19 [85] In their submissions, Staff refer to a British Columbia Court of Appeal decision on the admissibility of hearsay transcript evidence in a regulatory securities proceeding. In this case, the court determined that the British Columbia Securities Commission did not err in admitting transcripts of examinations conducted by staff of that Commission, where the individuals in question refused to appear at the hearing and where the commission lacked the jurisdiction to compel the individuals to testify (Huber v. British Columbia (Securities Commission) (1994), 3 C.C.L.S. 98 (B.C.C.A) at paras ). 3. Ruling [86] Given the complexity of this case, we ruled at the hearing that the transcripts of Hancock, Holden, Gomez and Marini would be admitted, for the reasons below. [87] The Panel has the discretion under s. 15 of the SPPA to admit hearsay evidence, but in exercising its discretion it must have regard to the matter before it. The more serious and contentious the matter, the more a tribunal must have regard to the rights of the parties. Though the Panel has the discretion to admit hearsay evidence, the rules of evidence are relevant and applicable in Commission proceedings. Natural justice and fairness issues must still be considered by the Panel when ruling on admissibility. [88] Parties are entitled to a reasonable opportunity to comment on and contradict evidence. However, hearsay evidence need not be tested by cross-examination in all circumstances. [89] If the Panel admits the evidence, it must be careful not to put too much weight on the evidence when making its final decision. For example, undue weight should not be placed on uncorroborated evidence. It should also be remembered, that while the standard of proof in administrative proceedings is the civil standard of a balance of probabilities, in the interest of a fair hearing, allegations can only be proven by clear and cogent evidence, as stated in Investment Dealers Association of Canada v. Boulieris (2004), 27 O.S.C.B (O.S.C.) at para. 34, affirmed [2005] O.J. No (Div. Ct.). [90] In view of the fact that Smith is a Respondent in this Proceeding, we determined that the transcript of his interview with the Receiver would not be admitted. [91] As a matter of fundamental fairness, persuasive collateral evidence is required to make adverse findings where those findings will have serious consequences for a respondent. In this decision, wherever we have relied on transcript evidence, we have only done so where it is consistent with or supported by other evidence. II. ANALYSIS A. Were Xanthoudakis and Smith directing minds of the Norshield Investment Structure? [92] In order to appropriately consider the allegations against Xanthoudakis and Smith, we must first examine their roles and responsibilities within the Norshield Investment Structure. 16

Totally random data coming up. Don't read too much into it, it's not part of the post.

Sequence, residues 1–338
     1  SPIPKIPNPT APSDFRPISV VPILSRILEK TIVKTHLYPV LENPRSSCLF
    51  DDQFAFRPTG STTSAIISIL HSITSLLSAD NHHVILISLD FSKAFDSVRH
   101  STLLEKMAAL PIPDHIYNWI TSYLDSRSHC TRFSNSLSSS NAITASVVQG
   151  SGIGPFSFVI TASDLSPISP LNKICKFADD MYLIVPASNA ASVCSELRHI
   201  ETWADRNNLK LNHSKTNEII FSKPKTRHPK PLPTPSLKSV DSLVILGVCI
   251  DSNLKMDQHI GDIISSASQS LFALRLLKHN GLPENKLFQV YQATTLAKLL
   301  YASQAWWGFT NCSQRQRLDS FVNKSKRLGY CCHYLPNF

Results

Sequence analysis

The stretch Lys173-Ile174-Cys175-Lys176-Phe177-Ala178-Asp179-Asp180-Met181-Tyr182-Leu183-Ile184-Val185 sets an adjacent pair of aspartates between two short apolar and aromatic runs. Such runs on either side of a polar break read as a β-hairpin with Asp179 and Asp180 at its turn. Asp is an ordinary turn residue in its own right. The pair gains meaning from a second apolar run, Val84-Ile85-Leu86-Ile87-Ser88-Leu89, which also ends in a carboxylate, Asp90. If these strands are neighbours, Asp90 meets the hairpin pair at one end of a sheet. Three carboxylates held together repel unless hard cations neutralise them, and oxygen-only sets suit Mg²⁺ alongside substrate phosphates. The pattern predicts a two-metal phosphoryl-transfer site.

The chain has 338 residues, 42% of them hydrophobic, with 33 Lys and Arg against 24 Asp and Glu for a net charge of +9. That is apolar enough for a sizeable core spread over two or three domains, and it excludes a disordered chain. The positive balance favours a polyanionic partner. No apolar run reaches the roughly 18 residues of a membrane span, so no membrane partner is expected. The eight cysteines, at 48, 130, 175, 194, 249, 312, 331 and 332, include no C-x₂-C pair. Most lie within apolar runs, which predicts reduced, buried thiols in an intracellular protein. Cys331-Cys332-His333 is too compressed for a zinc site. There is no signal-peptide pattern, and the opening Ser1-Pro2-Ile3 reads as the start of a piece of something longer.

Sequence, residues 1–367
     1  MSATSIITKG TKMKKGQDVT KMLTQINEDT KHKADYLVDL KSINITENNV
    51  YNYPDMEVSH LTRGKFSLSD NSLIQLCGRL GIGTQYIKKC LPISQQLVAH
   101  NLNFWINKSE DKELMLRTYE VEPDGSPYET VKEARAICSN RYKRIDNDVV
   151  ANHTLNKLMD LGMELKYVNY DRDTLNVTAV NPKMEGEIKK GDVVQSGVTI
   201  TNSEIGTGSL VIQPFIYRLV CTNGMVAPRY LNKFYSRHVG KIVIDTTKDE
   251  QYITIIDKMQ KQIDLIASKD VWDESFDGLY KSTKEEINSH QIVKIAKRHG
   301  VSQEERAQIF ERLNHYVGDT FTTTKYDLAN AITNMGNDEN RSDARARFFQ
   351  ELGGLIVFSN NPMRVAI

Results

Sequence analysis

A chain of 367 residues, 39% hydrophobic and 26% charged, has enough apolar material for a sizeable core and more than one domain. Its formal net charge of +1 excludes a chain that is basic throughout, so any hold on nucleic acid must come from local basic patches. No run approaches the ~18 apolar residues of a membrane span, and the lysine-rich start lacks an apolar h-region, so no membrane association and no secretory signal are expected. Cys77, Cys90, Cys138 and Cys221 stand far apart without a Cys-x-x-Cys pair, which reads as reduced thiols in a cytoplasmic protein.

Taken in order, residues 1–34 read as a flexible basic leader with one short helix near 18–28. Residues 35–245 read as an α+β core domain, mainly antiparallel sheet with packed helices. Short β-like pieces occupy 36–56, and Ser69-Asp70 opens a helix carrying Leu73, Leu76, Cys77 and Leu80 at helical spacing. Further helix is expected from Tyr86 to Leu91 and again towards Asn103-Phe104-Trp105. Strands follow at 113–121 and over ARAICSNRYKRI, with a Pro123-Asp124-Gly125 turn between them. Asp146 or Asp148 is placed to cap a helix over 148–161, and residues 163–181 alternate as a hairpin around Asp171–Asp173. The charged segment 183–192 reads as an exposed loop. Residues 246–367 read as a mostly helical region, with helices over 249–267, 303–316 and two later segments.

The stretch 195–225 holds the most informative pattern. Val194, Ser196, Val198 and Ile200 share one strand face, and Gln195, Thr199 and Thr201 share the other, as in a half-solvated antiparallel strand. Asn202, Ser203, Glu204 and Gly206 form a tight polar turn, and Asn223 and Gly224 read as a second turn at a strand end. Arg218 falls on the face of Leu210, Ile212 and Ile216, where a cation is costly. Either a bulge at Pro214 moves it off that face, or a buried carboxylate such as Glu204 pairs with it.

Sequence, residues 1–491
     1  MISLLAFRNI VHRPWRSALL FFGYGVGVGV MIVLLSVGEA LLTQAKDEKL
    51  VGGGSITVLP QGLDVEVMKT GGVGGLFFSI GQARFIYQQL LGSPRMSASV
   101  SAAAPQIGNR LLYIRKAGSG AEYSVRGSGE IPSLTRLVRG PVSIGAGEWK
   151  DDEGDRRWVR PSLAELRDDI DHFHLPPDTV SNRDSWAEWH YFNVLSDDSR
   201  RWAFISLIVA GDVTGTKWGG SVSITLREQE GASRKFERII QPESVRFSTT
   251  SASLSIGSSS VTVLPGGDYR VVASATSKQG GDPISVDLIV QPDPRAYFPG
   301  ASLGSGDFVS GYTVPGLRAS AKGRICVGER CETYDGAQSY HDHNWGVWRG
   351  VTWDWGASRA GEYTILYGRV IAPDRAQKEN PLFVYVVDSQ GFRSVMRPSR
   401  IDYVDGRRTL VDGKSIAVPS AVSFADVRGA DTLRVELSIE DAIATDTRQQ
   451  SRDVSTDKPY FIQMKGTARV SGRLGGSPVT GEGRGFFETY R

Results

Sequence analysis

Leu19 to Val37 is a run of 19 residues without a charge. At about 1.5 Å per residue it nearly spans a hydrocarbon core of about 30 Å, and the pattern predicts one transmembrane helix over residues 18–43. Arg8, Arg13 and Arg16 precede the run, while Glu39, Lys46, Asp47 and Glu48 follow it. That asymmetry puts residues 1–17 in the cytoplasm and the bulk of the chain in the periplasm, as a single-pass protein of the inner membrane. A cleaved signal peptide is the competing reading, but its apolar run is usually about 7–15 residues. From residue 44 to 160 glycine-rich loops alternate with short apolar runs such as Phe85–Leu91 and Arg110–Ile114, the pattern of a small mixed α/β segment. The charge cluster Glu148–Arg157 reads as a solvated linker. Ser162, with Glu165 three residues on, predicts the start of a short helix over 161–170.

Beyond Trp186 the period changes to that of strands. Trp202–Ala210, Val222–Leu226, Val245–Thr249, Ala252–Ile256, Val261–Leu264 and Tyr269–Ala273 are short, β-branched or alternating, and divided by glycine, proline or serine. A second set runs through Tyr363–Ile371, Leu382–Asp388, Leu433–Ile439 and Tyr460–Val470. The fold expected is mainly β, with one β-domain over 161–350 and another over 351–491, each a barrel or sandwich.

20 1. Submissions Staff [93] Staff submit that the Norshield Investment Structure was directed at all times by NFG, through Xanthoudakis and Smith. [94] Staff refer to NFG marketing materials that describe Xanthoudakis as Chairman and CEO and Smith as the President and Chief Operating Officer. Staff note that Xanthoudakis owned, and along with Smith, held positions of authority in many of the entities in the Norshield Investment Structure. Staff submit that Xanthoudakis, directly or indirectly, owned NAM, Norshield Financial Holdings, Norshield Partners, Norshield Investment Corporation ( NI Corporation ), NCMC, Olympus United Funds and Olympus Bank. [95] Staff contend that the named directors of various entities connected to the Norshield Investment Structure were merely nominees and that ultimate control lay with Xanthoudakis and NAM. Staff submit that Xanthoudakis and Smith s roles extended beyond the NAM, Olympus United Group and Olympus Bank levels and encompassed communications with end-clients and investment advisors throughout the structure. Staff refer to evidence from compelled examinations that state that instructions on the management of the Channel Funds and Mosaic Composite came from Xanthoudakis and Smith. Staff submit that Xanthoudakis and Smith also directed the Univest Multi Strategy II Fund ( MS-II ) transactions (discussed at paragraphs 211 to 228) that resulted in the sale of the SOHO Option, at the bottom of the Norshield Investment Structure. [96] Staff submit that Xanthoudakis and Smith played an active role in audits of all the Norshield Investment Structure entities, and had the final say in the calculation and reporting of the NAVs. [97] Staff submit that, as owner of numerous entities within NFG, Xanthoudakis had a role as a directing mind of NFG and thus, of the Norshield Investment Structure. According to a chart prepared by the Receiver, 87 percent of the carrying value of the Channel Funds assets at September 30, 2003 was attributable to companies related to NFG and/or Olympus Univest. [98] According to Staff s submissions, Xanthoudakis had the final say in decisions regarding investments in the Norshield Investment Structure. Staff claim that employees inquiries about the Norshield Investment Structure were directed to him and Smith, as the ultimate decision makers of the structure. [99] Staff submit that Xanthoudakis was the directing mind of not only the respondent companies, but also many others connected to the Norshield Investment Structure, including BICE International, Liberty Trust and the Orion Trust. [100] Staff refer to the positions held by Xanthoudakis s sister-in-law as further evidence of his connection to all parts of the Norshield Investment Structure. Staff state that she served as an officer and/or director of Cardinal (the company notionally in 17